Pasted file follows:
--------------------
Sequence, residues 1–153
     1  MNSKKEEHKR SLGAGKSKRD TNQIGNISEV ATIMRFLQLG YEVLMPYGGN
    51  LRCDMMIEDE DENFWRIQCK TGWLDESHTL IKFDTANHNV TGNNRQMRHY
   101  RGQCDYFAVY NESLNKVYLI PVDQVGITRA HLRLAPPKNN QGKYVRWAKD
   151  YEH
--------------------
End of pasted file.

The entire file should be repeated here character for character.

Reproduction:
Sequence, residues 1–153
     1  MNSKKEEHKR SLGAGKSKRD TNQIGNISEV ATIMRFLQLG YEVLMPYGGN
    51  LRCDMMIEDE DENFWRIQCK TGWLDESHTL IKFDTANHNV TGNNRQMRHY
   101  RGQCDYFAVY NESLNKVYLI PVDQVGITRA HLRLAPPKNN QGKYVRWAKD
   151  YEH